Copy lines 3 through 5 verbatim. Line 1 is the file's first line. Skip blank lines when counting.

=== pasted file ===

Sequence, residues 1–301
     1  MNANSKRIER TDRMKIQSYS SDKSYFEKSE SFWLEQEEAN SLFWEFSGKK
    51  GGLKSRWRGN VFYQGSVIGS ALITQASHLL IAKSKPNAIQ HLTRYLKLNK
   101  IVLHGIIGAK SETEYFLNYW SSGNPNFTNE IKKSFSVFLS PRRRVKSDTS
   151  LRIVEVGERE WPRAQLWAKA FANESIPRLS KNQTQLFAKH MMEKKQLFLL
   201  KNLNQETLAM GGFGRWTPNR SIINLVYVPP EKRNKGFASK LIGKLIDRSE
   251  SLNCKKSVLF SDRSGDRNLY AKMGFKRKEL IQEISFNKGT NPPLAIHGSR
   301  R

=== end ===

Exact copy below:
    51  GGLKSRWRGN VFYQGSVIGS ALITQASHLL IAKSKPNAIQ HLTRYLKLNK
   101  IVLHGIIGAK SETEYFLNYW SSGNPNFTNE IKKSFSVFLS PRRRVKSDTS
   151  LRIVEVGERE WPRAQLWAKA FANESIPRLS KNQTQLFAKH MMEKKQLFLL